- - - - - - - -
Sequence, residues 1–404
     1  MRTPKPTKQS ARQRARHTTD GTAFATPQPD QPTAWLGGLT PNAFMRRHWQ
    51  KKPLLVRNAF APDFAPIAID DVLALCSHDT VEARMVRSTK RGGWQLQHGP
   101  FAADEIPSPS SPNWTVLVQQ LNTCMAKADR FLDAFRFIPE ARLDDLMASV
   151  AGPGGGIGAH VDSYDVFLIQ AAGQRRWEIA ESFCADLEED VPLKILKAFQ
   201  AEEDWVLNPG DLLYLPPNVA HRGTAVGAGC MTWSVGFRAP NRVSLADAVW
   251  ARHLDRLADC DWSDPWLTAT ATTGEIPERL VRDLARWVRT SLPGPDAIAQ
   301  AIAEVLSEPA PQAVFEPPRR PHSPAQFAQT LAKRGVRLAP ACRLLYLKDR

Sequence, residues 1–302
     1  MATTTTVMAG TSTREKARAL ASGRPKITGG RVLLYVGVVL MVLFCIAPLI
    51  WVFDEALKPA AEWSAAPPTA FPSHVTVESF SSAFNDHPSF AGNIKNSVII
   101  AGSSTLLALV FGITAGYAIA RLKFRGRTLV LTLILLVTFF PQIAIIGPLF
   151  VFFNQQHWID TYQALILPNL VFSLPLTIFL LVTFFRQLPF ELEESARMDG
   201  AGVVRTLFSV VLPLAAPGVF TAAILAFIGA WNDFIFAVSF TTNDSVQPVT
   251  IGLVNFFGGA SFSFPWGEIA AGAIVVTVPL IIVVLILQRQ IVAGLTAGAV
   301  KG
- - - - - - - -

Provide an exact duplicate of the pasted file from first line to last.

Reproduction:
Sequence, residues 1–404
     1  MRTPKPTKQS ARQRARHTTD GTAFATPQPD QPTAWLGGLT PNAFMRRHWQ
    51  KKPLLVRNAF APDFAPIAID DVLALCSHDT VEARMVRSTK RGGWQLQHGP
   101  FAADEIPSPS SPNWTVLVQQ LNTCMAKADR FLDAFRFIPE ARLDDLMASV
   151  AGPGGGIGAH VDSYDVFLIQ AAGQRRWEIA ESFCADLEED VPLKILKAFQ
   201  AEEDWVLNPG DLLYLPPNVA HRGTAVGAGC MTWSVGFRAP NRVSLADAVW
   251  ARHLDRLADC DWSDPWLTAT ATTGEIPERL VRDLARWVRT SLPGPDAIAQ
   301  AIAEVLSEPA PQAVFEPPRR PHSPAQFAQT LAKRGVRLAP ACRLLYLKDR

Sequence, residues 1–302
     1  MATTTTVMAG TSTREKARAL ASGRPKITGG RVLLYVGVVL MVLFCIAPLI
    51  WVFDEALKPA AEWSAAPPTA FPSHVTVESF SSAFNDHPSF AGNIKNSVII
   101  AGSSTLLALV FGITAGYAIA RLKFRGRTLV LTLILLVTFF PQIAIIGPLF
   151  VFFNQQHWID TYQALILPNL VFSLPLTIFL LVTFFRQLPF ELEESARMDG
   201  AGVVRTLFSV VLPLAAPGVF TAAILAFIGA WNDFIFAVSF TTNDSVQPVT
   251  IGLVNFFGGA SFSFPWGEIA AGAIVVTVPL IIVVLILQRQ IVAGLTAGAV
   301  KG